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Fashion ’round the Clock

While it is commonly considered a whim today to frequently change outfit during the day, this convention is rooted in modernism, which produced a new conception of time and the ways it was organized.

Accessories, drawing by Petra Fiedler, ca. 1928. Courtesy Dietmar Katz, Kunstbibliothek, Staatliche Museen zu Berlin, CC BY NC SA.

Accessories, drawing by Petra Fiedler, ca. 1928. Courtesy Dietmar Katz, Kunstbibliothek, Staatliche Museen zu Berlin, CC BY NC SA.

The time of fashion is mainly conceived as linear. Designers’ collections develop season by season, a rapid look over the history of fashion may be intended as a timeline of every period’s silhouettes. While fashion historians and critics have brought now a wide range of substantial theories to discuss this linearity, a first and practical example of a circular time of fashion can be found on the revolution of dress changes during the day that happened from the time of the Industrialization and progressed through modernism.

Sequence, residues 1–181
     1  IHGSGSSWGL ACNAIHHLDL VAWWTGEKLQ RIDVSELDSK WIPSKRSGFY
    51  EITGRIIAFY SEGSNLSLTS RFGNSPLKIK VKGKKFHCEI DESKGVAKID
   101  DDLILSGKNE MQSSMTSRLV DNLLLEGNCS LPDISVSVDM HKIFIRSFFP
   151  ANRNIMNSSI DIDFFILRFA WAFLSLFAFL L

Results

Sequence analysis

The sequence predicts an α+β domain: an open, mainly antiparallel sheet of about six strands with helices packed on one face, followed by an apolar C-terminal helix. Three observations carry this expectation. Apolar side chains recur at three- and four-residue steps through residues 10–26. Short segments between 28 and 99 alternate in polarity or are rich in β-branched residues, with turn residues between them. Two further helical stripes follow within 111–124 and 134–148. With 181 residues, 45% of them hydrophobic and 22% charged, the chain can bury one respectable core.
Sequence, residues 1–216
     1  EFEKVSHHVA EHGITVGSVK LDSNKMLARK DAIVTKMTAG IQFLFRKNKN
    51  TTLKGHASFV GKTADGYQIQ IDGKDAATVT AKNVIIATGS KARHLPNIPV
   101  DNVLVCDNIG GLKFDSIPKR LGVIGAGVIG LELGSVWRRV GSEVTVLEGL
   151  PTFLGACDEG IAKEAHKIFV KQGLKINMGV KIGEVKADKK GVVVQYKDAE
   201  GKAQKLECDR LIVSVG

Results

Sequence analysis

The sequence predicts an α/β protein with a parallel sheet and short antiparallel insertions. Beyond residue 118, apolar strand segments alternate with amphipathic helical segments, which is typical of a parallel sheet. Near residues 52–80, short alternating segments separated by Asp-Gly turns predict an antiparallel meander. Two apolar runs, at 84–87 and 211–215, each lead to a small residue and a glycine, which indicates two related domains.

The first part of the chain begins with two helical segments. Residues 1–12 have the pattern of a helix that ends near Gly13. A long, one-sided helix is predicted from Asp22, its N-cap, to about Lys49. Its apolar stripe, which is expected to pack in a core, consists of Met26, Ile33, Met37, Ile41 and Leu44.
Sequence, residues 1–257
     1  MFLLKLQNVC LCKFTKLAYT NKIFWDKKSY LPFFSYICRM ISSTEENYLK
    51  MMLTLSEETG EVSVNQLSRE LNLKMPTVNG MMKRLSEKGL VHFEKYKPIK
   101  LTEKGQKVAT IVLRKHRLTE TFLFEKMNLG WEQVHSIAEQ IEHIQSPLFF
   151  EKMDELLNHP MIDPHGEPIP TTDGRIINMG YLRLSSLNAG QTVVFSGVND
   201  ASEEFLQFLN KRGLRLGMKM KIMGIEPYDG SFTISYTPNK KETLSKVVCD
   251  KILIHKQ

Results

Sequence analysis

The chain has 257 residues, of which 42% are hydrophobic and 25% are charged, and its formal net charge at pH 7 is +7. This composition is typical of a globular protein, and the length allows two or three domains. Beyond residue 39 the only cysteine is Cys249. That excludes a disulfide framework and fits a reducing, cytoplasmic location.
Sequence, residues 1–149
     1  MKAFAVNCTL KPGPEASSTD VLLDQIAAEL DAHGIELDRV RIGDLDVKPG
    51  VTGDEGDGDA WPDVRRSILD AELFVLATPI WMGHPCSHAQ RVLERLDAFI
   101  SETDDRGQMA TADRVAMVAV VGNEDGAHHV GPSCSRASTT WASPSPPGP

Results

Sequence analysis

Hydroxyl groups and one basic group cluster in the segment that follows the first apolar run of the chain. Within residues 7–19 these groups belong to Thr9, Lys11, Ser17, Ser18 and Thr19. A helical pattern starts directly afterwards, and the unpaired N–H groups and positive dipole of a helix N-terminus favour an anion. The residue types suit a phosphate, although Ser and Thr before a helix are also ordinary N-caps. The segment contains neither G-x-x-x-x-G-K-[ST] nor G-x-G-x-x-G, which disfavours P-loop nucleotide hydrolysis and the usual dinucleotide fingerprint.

The impact of Industrialization on the mid-18th century fashion reflected the changes it brought in society. Not only did the industrial production lower the costs of dress production, but also the shift from country labour to industrial labour had an impact on the way people dealt with time. Although who lived in the city was already keen on the modalities court and ceremonies articulated the day, the shifts of factory work favoured the conception of clock time instead of natural time for a wider part of the population.

Women in evening dress, illustration by Léonard, ca. 1930. Courtesy Dietmar Katz, Kunstbibliothek, Staatliche Museen zu Berlin, CC BY NC SA.

Women in evening dress, illustration by Léonard, ca. 1930. Courtesy Dietmar Katz, Kunstbibliothek, Staatliche Museen zu Berlin, CC BY NC SA.

As time started to be scanned by the clock, new rituals in dress emerged and appropriate dresses for appropriate occasion started to be produced and worn, differentiating models, lengths and ensembles throughout the day. If the practice of changing dress according to the time of the day was already diffused, it was with the modernist concern about time rationalisation that fashion and clock time became bound, as shown in fashion and society magazine of the time. These publications showcased progressive silhouettes in line for the right hour of the day, demonstrating that the clock influenced the way the day was lived, and fashions and garments were designed accordingly.

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